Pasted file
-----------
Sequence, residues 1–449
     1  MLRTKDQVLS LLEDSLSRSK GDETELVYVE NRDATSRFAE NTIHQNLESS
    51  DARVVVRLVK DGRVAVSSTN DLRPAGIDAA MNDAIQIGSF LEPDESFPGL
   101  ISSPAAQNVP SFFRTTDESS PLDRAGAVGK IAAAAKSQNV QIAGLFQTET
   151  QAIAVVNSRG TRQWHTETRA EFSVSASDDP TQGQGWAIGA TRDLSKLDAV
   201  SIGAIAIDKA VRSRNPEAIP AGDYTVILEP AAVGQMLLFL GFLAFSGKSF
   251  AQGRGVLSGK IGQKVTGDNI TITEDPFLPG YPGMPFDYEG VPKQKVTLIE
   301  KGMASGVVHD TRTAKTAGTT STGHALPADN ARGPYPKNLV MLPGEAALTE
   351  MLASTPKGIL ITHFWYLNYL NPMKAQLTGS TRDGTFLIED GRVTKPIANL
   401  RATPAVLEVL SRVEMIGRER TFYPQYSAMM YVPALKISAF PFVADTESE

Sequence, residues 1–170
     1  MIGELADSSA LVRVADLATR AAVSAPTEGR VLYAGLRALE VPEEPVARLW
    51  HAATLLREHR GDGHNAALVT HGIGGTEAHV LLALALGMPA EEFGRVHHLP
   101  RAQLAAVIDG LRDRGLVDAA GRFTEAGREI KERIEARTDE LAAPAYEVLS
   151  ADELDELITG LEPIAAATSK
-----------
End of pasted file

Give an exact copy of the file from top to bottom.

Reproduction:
Sequence, residues 1–449
     1  MLRTKDQVLS LLEDSLSRSK GDETELVYVE NRDATSRFAE NTIHQNLESS
    51  DARVVVRLVK DGRVAVSSTN DLRPAGIDAA MNDAIQIGSF LEPDESFPGL
   101  ISSPAAQNVP SFFRTTDESS PLDRAGAVGK IAAAAKSQNV QIAGLFQTET
   151  QAIAVVNSRG TRQWHTETRA EFSVSASDDP TQGQGWAIGA TRDLSKLDAV
   201  SIGAIAIDKA VRSRNPEAIP AGDYTVILEP AAVGQMLLFL GFLAFSGKSF
   251  AQGRGVLSGK IGQKVTGDNI TITEDPFLPG YPGMPFDYEG VPKQKVTLIE
   301  KGMASGVVHD TRTAKTAGTT STGHALPADN ARGPYPKNLV MLPGEAALTE
   351  MLASTPKGIL ITHFWYLNYL NPMKAQLTGS TRDGTFLIED GRVTKPIANL
   401  RATPAVLEVL SRVEMIGRER TFYPQYSAMM YVPALKISAF PFVADTESE

Sequence, residues 1–170
     1  MIGELADSSA LVRVADLATR AAVSAPTEGR VLYAGLRALE VPEEPVARLW
    51  HAATLLREHR GDGHNAALVT HGIGGTEAHV LLALALGMPA EEFGRVHHLP
   101  RAQLAAVIDG LRDRGLVDAA GRFTEAGREI KERIEARTDE LAAPAYEVLS
   151  ADELDELITG LEPIAAATSK